The sacral autonomic outflow is sympathetic

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Science  18 Nov 2016:
Vol. 354, Issue 6314, pp. 893-897
DOI: 10.1126/science.aah5454

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  • RE: “The sacral autonomic outflow is sympathetic” (Science, 18th November, p. 893)
    • John P. Horn, Professor of Neurobiology, University of Pittsburgh, School of Medicine, Pittsburgh, PA
    • Other Contributors:
      • William C. de Groat, Distinguished Professor of Pharmacology and Chemical Biology, Department of Pharmacology and Chemical Biology, Department of Pharmacology and Chemical Biology

    Functional criteria define divisions of the autonomic motor system

    In a recent report, Espinosa-Medina et al.(1) conclude that ‘The sacral autonomic (i.e. parasympathetic) outflow is sympathetic’. We disagree. Langley(2) and other pioneers defined the sympathetic, parasympathetic and enteric autonomic divisions by observing functional responses to nerve stimulation, lesions and drugs. Understanding the system’s developmental origins came much later, beginning with experiments using deletions and chimeras(3). By focusing on embryos at one developmental stage (E13.5), Espinosa-Medina et al. have drawn attention to transcription factors that may guide the early lineage of preganglionic and ganglionic neurons at different levels of the neuroaxis. Although intriguing, these findings lack quantitation and do not explain the organization of neuronal phenotypes within ganglia or of spinal microcircuits that drive different behaviors. Each division of the autonomic system contains ganglia with multiple neuronal phenotypes that are defined by target specificity (e.g. vasoconstrictor, pilomotor, detrusor motor). For example, thermoregulatory behaviors coordinate piloerection, cutaneous vasoconstriction, and activation of brown fat through the paravertebral sympathetic ganglia, while sexual behavior requires integration of sacral parasympathetic outflow with thoracic sympathetic outflow. In addition, the present results fail to explain why the sacral autonomic outflow d...

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    Competing Interests: None declared.
  • RE: “The sacral autonomic outflow is sympathetic” (Science, 18th November, p. 893)
    • Wilfrid Jänig, Emeritus Professor, Physiologisches Institut, Christian-Albrechts-Universität zu Kiel, Germany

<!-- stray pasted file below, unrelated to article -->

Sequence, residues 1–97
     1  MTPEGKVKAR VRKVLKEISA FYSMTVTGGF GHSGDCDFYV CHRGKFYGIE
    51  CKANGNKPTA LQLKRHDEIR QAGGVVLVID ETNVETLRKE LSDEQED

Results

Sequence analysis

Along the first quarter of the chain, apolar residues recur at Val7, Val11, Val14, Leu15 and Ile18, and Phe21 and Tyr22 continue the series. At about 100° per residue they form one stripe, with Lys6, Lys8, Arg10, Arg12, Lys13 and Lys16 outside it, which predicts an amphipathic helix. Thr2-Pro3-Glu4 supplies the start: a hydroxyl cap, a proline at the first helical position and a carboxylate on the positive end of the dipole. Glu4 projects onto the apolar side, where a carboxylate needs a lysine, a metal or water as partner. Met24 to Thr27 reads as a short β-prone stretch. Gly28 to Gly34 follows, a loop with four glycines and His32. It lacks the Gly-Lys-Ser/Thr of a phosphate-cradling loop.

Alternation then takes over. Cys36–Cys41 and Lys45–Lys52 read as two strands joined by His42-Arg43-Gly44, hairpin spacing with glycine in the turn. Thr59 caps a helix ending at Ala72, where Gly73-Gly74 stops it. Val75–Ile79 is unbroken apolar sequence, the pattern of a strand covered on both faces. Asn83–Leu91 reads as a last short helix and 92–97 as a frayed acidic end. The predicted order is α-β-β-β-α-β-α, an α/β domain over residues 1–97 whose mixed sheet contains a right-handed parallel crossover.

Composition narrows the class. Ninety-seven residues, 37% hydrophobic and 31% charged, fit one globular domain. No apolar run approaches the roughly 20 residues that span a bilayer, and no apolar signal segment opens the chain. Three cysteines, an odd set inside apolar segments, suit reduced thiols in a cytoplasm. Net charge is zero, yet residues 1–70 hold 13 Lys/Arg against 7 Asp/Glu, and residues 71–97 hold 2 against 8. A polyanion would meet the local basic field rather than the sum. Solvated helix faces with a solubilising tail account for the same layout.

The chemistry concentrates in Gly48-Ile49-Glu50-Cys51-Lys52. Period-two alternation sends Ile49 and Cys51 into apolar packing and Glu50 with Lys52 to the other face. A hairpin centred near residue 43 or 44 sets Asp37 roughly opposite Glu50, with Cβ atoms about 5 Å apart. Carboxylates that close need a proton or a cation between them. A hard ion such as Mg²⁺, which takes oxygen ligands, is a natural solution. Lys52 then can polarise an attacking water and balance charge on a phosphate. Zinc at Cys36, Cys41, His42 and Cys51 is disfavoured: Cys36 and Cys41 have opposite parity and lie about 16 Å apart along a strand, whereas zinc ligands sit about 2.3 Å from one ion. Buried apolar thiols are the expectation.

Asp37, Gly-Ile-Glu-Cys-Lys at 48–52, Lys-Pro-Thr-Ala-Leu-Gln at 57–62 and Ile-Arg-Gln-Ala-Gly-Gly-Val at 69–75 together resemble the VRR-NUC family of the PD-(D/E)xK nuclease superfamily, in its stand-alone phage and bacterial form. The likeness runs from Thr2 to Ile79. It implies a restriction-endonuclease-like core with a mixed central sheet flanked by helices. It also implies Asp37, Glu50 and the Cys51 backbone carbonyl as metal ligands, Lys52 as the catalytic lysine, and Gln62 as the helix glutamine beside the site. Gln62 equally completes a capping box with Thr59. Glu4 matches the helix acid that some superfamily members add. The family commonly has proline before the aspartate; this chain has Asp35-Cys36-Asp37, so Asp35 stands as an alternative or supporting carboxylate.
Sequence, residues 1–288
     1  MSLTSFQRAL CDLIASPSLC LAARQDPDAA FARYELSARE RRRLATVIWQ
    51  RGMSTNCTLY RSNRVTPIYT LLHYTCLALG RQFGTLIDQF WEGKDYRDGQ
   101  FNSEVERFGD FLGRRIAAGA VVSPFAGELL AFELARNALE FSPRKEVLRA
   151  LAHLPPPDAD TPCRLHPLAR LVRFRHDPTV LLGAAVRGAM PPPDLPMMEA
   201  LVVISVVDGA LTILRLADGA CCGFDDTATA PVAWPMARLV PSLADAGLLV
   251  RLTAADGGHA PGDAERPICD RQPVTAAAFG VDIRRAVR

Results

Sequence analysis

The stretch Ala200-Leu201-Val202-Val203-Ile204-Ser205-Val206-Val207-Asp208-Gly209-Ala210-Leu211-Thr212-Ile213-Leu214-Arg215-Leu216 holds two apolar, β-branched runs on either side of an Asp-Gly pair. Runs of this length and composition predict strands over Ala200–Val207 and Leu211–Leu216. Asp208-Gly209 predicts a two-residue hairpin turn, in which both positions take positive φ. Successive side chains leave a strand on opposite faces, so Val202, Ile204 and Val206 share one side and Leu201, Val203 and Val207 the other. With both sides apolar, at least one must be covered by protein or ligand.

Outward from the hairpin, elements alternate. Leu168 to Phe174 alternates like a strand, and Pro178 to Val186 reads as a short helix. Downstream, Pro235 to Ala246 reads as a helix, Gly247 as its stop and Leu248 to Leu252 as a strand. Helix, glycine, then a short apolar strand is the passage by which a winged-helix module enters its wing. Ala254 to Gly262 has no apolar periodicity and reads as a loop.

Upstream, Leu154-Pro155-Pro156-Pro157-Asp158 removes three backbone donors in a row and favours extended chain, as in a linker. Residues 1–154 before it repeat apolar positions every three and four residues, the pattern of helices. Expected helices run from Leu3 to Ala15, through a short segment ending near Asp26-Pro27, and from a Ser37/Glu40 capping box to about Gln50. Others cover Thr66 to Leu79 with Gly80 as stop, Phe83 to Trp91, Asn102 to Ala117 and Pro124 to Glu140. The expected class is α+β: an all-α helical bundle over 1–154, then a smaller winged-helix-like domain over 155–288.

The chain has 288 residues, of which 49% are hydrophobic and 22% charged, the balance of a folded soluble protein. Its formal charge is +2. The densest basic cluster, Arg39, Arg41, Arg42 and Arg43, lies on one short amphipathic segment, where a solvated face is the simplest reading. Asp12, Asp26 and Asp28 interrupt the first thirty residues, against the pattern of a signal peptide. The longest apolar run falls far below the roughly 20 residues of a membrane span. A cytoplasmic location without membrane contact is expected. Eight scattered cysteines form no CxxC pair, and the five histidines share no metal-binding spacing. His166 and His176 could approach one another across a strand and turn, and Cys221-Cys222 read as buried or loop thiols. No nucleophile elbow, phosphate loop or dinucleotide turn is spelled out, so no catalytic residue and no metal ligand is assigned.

• Other Contributors:
      • Janet Keast, Professor and Head, Department of Anatomy and Neuroscience, University of Melbourne, Melbourne, Australia
      • Elspeth McLachlan, Emeritus Professor and Visiting Senior Principal Research Fellow, University of New South Wales and Neuroscience Research Australia
      • Winfried Neuhuber, Professor and Head, Insitut für Anatomie, Universität Erlangen-Nürnberg, Erlangen, Germany
      • Michelle Southard-Smith, Associate Professor of Medicine and Cell & Developmental Biology, Vanderbilt University Medical Center, Nashville, USA

    With their provocative title, “The sacral autonomic outflow is sympathetic” (1, 18th November, p. 893), Espinosa-Medina et al. propose that the sacral spinal outflow be reclassified, because some aspects have more in common with thoracolumbar (i.e. sympathetic) than cranial (i.e. parasympathetic) circuits during fetal development. They misquote some anomalies of function and over-emphasise rare deviations observed in adult mammals. These fail to support abolishing the current schema. Acceptance of this reckless distortion of the sympathetic and parasympathetic systems (2) risks prejudicing rather than enhancing translational research and clinical practice.

    Some of the “evidence” presented is not novel or surprising. Cranial nuclei develop in a distinct environment and differentiate earlier than the sacral cord and the pelvic innervation. The work ignores anterior-posterior temporal maturation of the nervous system that impacts on the timing of gene expression patterns (3-5). Their conclusions are based on a selective and in some cases only transient phenotype at E13.5.

    Key functional (often antagonistic) differences between sympathetic and parasympathetic pathways to the pelvic organs have been well described (6,7). These include parasympathetic increases in motility of bladder and hindgut and erection of penis but sympathetically-mediated relaxation. Sympathetic but no parasympathetic pathways constrict most blood vessels, sphincters and the internal repro...

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    Competing Interests: None declared.

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